Reading Systematic Theology with Wayne Grudem – When will we receive resurrection bodies? What will they be like?
This post is part of a 50+ post series from the classic work by Wayne Grudem (PhD, Cambridge), Systematic Theology: An Introduction to Biblical Doctrine. The aim of each post is to provide an overview of each chapter in the book and related resources for each topic.
Synopsis of Chapter
In his chapter on Glorification, Wayne Grudem outlined the biblical doctrine of the Christian’s post-resurrection body. In the chapter, he defines glorification as “the final step in the application of redemption. It will happen when Christ returns and raises from the dead the bodies of all believers for all time who have died, and reunites them with their souls, and changes their bodies of all believers who remain alive, thereby giving all believers at the same time perfect resurrection bodies like his own.”
Grudem provides evidence for glorification from both the Old and New Testaments. In his most lengthy section he describes what our resurrection bodies will be like. Finally, he describes a renewed creation as well as the resurrection of the unjust, those who will go to eternal judgment.
Biblical Support for Glorification
We find support for the Christian’s future glorification in both the Old and New Testaments. Starting with the Old Testament, we can see that believers in the Gospel records believed in a resurrection before the New Testament was penned. Mary replied to Jesus regarding her dead brother, “Martha said to him, ‘I know that he will rise again in the resurrection on the last day.’” (John 11:24) Martha knew there would be a resurrection, based on her understanding of the Old Testament. Perhaps Martha was thinking about Job’s testimony concerning a future resurrection and glorification:
“For I know that my Redeemer lives, and at the last he will stand upon the earth. And after my skin has been thus destroyed, yet in my flesh I shall see God.” (Job 19:25-26)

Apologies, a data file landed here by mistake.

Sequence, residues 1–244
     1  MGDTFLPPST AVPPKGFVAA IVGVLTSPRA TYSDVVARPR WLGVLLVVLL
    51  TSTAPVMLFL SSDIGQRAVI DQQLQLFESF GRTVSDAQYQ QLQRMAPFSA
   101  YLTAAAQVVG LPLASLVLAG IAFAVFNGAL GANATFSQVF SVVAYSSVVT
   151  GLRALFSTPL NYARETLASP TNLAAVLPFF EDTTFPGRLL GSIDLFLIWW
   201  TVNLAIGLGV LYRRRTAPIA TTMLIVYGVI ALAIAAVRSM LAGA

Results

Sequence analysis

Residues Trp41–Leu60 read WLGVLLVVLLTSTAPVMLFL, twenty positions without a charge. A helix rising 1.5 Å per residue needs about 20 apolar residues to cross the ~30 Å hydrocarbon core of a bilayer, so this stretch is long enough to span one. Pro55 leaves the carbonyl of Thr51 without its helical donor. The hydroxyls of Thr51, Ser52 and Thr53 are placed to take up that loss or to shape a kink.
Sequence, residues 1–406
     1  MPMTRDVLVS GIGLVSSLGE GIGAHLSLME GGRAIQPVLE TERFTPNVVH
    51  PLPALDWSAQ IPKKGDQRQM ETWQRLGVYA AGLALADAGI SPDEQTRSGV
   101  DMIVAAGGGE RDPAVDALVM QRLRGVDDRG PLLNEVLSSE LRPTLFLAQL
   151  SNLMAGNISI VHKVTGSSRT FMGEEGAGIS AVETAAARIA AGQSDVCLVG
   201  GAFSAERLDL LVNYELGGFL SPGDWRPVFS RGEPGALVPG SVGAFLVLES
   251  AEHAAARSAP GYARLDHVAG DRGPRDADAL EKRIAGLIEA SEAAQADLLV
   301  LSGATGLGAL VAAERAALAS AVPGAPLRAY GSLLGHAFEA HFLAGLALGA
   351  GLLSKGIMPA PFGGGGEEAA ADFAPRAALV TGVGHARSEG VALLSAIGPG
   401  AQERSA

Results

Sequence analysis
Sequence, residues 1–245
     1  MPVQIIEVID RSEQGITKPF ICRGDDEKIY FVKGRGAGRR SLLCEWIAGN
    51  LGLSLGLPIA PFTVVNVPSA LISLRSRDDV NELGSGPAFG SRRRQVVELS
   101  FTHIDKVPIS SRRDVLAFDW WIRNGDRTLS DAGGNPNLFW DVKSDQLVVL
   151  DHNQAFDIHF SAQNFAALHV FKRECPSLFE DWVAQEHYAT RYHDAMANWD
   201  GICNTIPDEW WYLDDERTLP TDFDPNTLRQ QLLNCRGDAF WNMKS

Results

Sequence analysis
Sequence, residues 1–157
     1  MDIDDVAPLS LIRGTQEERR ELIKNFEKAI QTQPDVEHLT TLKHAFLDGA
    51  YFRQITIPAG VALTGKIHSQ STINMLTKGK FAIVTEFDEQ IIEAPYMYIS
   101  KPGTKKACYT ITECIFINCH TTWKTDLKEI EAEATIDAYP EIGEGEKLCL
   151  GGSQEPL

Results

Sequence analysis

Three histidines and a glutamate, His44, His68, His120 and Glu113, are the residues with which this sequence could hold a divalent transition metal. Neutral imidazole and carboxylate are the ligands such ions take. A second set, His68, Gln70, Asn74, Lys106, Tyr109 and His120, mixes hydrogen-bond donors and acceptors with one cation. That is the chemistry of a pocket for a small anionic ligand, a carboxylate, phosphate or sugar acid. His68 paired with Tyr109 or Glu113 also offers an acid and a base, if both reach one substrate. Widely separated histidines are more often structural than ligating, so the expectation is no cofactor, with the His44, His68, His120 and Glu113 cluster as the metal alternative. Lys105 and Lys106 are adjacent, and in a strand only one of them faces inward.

Just as the Old Testament taught a future resurrection and glorification, the New Testament further elucidates the doctrine further. There are multiple passages that affirm glorification including, John 5:28,29, John 6:39, 40, and Philippians 3:20-21. However, the primary passage that teaches this event is at the end of 1 Corinthians. The Apostle Paul tells us:
“Behold! I tell you a mystery. We shall not all sleep, but we shall all be changed, in a moment, in the twinkling of an eye, at the last trumpet. For the trumpet will sound, and the dead will be raised imperishable, and we shall be changed.” (1 Corinthians 15:51,52)
What Will Our Resurrection Bodies Be Like
As Christians, we will be resurrected and glorified. But what will our resurrected bodies be like? The Scriptures teach our resurrected bodies will…
- Have a glory and possibly a light that shines around them (Daniel 12:3).
- Be of a similar nature as Jesus’ body, having flesh and bone (Luke 24:39).
- Have similarities with our current bodies like Jesus who still had nail prints in his hands and feet (John 20:20,27).
- Be like seeds sown into the ground but will be imperishable (1 Corinthians 15:42-44, 49).
- Have a spiritual nature similar to the Holy Spirit (1 Corinthians 15:44).
- Be changed into glorious bodies like Jesus’ body (Philippians 3:21).
- Appear like Jesus’ resurrected body (1 John 3:2).
- Be raised in power (1 Corinthians 15:43).
Application: Glorification – Hope in a Broken World
Glorification is not just for Christians but also for the entire creation. When Adam sinned, God cursed the ground because of him (Genesis 3:17-19). As a result, the thorns, thistles, poisonous snakes, earthquakes, murder hornets, and many other judgments entered into our world. Romans 8:20 tells us, “For the creation was subjected to futility, not willingly, but because of him who subjected it, in hope.” This hope for a renewal in a cursed creation will be realized in its future glorification.
Just as Christians look forward to glorified bodies, so also the created order looks forward to a complete renovation. Glorification, then, is both a hope for the Christian and for the rest of redeemed creation which all points back to the glory of God who will make things new.
“So is it with the resurrection of the dead. What is sown is perishable; what is raised is imperishable. It is sown in dishonor; it is raised in glory. It is sown in weakness; it is raised in power. It is sown a natural body; it is raised a spiritual body. If there is a natural body, there is also a spiritual body.” (1 Corinthians 15:42-44)
- spiritual body
Resources: Wayne Grudem
- Wayne Grudem: Book: Systematic Theology: An Introduction to Biblical Doctrine
- Wayne Grudem: 148 Lectures on Systematic Theology at Scottsdale Bible Church